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Not your regrets to police

Recently, in the UK, there was testimony to members of the British parliament that Doctors were telling trans women that they were not wearing enough lipstick. Let that sink in.

The heart of all trans healthcare is the essential notion that cis people have to be sufficiently satisfied that trans people will have no regrets over any stage of their transition before being allowed to proceed. This is fundamentally tied to the notion that cis heteronormativity is the most desirable state for everyone and that anyone not wanting to follow must be broken in some way and must therefore show commitment. 

As a result, they do this gatekeeping at every stage of the process and often it requires trans people, especially trans women, to perform to whatever notion of cis "normal" that that gatekeeper has in their mind, if they wish to progress in their transition. Canada is not immune to this, even with informed consent around HRT, there is still quite a lot of cis gatekeeping at play. You still need to pass whatever test is there to get a letter for your birth records or to get any gender confirming surgical procedures. It's all about possible regrets.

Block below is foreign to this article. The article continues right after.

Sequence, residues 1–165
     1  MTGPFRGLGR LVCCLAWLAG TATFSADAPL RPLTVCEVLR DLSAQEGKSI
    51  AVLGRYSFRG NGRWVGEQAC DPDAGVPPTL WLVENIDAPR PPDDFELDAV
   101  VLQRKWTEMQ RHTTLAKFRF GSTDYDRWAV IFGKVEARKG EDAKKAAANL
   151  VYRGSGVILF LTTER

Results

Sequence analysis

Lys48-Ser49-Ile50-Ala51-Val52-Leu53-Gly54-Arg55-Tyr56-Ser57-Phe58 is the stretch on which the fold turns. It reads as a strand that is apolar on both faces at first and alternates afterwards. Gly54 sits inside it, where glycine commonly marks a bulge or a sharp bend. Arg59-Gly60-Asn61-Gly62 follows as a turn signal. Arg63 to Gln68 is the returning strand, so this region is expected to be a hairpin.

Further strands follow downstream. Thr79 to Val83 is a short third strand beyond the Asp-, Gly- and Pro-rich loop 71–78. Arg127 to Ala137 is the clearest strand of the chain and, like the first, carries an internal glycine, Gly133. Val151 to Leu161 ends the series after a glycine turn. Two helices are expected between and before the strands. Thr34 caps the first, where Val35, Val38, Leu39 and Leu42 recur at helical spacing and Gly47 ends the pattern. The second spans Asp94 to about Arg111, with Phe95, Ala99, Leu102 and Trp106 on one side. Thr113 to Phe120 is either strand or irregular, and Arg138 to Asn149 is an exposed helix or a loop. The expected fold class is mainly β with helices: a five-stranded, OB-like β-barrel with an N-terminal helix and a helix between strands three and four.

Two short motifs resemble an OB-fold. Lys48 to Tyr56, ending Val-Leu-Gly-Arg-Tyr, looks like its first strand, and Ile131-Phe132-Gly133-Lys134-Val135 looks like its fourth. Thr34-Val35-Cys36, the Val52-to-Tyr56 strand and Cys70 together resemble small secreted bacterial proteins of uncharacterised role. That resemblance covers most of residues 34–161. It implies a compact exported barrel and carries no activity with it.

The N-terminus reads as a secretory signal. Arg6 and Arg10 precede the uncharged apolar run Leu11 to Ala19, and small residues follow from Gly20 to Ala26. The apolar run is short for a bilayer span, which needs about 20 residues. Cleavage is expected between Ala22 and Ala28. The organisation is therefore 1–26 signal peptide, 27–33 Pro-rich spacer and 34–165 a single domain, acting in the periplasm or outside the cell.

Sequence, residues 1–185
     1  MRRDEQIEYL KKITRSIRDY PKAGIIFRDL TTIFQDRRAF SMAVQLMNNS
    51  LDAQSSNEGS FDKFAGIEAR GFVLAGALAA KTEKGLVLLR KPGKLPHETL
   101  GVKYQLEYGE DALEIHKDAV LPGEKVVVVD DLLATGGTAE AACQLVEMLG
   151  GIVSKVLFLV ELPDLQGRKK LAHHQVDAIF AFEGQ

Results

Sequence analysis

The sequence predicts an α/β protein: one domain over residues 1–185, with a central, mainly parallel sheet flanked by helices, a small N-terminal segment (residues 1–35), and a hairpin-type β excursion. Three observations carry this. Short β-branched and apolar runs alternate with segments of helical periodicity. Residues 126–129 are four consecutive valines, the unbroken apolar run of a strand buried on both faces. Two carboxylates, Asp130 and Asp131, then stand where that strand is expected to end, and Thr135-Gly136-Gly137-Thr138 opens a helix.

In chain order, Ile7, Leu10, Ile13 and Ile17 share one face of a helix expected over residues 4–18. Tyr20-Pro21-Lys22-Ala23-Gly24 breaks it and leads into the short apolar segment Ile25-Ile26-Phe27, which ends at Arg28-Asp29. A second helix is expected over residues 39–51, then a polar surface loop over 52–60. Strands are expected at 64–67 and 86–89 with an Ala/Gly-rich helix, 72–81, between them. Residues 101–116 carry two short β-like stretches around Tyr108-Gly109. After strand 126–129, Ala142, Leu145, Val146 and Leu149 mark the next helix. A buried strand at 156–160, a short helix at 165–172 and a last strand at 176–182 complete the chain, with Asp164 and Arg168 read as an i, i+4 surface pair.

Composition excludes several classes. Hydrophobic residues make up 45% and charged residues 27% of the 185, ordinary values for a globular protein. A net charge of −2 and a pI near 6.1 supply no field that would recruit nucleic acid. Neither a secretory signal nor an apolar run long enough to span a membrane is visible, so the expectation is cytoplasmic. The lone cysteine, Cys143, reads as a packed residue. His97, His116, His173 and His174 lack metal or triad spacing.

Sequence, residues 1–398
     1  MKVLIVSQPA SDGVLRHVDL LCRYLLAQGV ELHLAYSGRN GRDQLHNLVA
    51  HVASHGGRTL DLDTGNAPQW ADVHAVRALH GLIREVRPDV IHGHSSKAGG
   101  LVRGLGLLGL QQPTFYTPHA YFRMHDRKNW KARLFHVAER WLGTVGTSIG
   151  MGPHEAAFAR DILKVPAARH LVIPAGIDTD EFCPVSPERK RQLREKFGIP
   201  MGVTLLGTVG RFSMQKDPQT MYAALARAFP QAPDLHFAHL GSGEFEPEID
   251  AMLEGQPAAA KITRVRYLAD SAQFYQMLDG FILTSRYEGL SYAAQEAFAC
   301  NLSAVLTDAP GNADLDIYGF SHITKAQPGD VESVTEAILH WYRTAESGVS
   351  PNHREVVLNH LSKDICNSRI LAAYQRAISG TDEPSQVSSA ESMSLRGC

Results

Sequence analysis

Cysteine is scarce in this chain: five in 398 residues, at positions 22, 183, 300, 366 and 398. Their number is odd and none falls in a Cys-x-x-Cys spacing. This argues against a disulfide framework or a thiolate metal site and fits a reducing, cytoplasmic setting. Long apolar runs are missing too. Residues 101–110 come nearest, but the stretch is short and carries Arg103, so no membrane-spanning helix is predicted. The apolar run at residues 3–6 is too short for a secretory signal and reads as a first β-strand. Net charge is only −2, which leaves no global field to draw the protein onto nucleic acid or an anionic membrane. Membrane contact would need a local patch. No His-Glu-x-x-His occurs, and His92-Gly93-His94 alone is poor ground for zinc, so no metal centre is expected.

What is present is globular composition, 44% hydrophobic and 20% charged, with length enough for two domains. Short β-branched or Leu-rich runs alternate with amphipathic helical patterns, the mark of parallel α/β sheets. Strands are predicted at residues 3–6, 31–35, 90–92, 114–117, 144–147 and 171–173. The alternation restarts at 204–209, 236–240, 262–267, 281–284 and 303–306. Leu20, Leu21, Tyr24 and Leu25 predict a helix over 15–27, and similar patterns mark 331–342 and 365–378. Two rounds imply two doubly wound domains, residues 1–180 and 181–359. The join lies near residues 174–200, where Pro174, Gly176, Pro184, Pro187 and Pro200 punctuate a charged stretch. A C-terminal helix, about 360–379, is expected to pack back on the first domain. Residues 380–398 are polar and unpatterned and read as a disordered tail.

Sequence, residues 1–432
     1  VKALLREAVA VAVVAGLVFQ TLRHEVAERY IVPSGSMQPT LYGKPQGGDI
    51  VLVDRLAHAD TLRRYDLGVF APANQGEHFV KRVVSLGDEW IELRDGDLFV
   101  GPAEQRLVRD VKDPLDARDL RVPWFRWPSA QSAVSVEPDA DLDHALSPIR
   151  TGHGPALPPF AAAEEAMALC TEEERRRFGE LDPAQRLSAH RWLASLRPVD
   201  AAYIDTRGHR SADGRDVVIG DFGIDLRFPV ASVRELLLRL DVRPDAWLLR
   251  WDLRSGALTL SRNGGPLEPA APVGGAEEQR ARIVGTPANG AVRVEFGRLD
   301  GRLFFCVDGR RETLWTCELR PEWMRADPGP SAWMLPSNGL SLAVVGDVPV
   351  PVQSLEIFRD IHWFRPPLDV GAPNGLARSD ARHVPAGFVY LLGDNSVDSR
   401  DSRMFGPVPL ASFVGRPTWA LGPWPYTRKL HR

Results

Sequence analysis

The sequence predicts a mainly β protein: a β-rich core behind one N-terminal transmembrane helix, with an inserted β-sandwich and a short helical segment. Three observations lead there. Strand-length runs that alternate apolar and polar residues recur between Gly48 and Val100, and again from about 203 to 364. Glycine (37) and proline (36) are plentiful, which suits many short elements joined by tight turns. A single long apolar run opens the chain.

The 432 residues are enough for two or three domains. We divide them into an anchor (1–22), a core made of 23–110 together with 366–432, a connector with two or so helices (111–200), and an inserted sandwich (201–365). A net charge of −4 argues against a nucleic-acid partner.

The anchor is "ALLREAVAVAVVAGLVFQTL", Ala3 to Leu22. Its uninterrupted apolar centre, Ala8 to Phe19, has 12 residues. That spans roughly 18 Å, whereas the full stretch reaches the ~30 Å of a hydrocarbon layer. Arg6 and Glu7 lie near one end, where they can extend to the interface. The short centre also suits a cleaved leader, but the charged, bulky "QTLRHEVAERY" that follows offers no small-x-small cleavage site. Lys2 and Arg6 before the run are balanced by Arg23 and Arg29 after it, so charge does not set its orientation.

We need to get past the notion that our body autonomy should be managed differently than that of a cis person. If a cis woman wants breast augmentation, she can go get it. A trans woman? Needs a letter. Why? Even if I didn't already have breasts, making the question on having them moot anyways, who, other than me, is impacted? Even if I have no intentions, at this stage of my journey, in having any of these procedures, the fact that I might require permission to have them, in case I regret, is intensely offensive.

Stop policing my regrets. As the saying goes, I'm a big girl, I don't need it.


While you're here, you might like:

Tip Time: Sudocrem

I honestly wish I had known about this weeks ago!

Dee Snider: The Boomer Years

The other day Dee Snider decided to throw his support for a somewhat incoherent, and definitely transphobic, post from Paul Stanley. It doesn't get better.

Not all [fill in the blank]

If you find yourself responding with "not all [fill in the blank]" in a context of discussing hate, violence, and violations of human rights then you're not on the right side of a discussion.